That’s right — a little early this year, so get thee to your nearest strawberry patch!
I am usually not expecting strawberry season to be in full swing until later in May/early June, but the news that berries are approaching their peak this week means it’s time to cancel all plans and make room for strawberries. I went by myself on my day off and picked as many as I could carry in my two arms!
Luckily it could not have been a more beautiful day.
Then, as though I still haven’t had enough of strawberries…I went and picked myself up one of those strawberry grow bags for my backyard.
I was so intrigued by the idea of growing strawberries in containers as seen here at Garden Therapy. I just had to try. I thought it would be impossible to grow strawberries in my little yard with an even littler patch of full sunlight. But this might be POSSIBLE.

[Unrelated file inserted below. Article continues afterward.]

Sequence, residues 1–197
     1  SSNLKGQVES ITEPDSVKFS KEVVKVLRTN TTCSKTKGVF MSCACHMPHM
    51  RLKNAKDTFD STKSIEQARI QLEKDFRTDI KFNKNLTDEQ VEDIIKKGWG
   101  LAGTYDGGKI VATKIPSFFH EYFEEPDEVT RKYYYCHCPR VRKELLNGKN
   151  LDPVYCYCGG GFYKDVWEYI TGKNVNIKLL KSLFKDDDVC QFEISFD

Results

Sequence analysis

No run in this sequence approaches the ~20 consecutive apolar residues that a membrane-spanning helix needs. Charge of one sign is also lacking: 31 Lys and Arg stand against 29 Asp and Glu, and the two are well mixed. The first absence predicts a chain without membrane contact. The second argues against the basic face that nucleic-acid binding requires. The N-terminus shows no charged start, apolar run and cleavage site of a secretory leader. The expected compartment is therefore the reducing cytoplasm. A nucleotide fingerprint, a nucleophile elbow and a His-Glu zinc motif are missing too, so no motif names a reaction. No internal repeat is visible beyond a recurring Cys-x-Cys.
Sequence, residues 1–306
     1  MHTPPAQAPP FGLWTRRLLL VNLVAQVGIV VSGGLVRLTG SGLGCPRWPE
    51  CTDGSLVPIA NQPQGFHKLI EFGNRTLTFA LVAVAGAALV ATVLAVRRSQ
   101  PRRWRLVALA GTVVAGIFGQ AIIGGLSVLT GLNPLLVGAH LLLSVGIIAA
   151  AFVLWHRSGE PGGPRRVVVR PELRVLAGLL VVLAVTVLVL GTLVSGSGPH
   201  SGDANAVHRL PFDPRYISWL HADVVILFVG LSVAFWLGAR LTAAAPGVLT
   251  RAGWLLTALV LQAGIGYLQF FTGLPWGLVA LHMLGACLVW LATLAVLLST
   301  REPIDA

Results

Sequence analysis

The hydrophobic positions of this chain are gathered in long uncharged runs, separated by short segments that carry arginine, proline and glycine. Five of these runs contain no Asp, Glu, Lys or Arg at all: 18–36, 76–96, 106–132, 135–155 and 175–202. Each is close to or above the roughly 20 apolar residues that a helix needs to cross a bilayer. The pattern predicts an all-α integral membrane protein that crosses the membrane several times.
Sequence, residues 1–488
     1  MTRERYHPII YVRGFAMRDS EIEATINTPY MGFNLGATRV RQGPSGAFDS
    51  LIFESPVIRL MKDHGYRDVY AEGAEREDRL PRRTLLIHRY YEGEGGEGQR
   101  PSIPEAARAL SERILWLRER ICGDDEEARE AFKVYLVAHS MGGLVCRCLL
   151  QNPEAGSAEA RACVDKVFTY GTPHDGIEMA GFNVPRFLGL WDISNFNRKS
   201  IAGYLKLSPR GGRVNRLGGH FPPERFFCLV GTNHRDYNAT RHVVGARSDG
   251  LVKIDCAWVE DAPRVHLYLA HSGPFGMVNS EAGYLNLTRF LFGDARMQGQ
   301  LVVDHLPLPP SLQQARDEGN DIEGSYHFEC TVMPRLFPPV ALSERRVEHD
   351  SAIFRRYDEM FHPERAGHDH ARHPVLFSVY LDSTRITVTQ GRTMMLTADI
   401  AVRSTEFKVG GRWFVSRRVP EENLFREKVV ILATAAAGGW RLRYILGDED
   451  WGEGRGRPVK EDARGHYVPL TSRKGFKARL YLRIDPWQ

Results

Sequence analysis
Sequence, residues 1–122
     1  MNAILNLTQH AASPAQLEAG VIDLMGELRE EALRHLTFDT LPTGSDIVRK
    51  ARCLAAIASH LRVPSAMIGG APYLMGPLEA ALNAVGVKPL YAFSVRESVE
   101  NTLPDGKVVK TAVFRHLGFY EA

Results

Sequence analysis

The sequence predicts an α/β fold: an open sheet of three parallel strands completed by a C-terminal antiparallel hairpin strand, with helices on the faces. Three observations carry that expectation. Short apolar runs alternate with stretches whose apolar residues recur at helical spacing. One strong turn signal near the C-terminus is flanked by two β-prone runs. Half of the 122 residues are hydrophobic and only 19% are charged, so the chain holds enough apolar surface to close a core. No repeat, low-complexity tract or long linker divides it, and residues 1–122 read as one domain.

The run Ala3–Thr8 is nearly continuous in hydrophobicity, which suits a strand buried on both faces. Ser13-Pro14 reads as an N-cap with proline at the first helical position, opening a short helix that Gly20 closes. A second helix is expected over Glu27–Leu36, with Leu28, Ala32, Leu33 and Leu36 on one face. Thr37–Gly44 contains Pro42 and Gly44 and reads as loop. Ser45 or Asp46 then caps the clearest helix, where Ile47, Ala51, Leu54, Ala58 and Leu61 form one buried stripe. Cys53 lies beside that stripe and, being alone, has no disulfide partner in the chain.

I picked up 5 plants before I knew how many holes my bag would have…need to go get some more! They were 10 for $10 at my nursery!
I chose an everbearing variety that should produce gradually all summer long and possibly even into the fall. June bearing is more common, however, and necessary if your goal is to grow lots of strawberries at once to use in recipes. They produce in one prolific burst this time of year.
Strawberries are perennials, for a few years at least, and will overwinter. My dad, who taught me everything I know about vegetable gardening, always instructed me to pull the blossoms off the first year. This obviously prevents berry formation the first year, and requires delayed satisfaction. Hard, I know. But if you’re growing in a garden bed and ultimately want lots of berries, it is better to do this as it promotes the growth and health of the foliage.
For container gardening, there is obviously no point to this, so I think I will forgo this little piece of advice this year.
I am not totally convinced I get adequate sunlight in my backyard now that the trees have fully leafed out. So we’ll see how well these do. If strawberries don’t work out, these bags can be used for growing all kinds of things in small spaces, so I’ll just have to learn and adapt. Such is gardening. Such is life.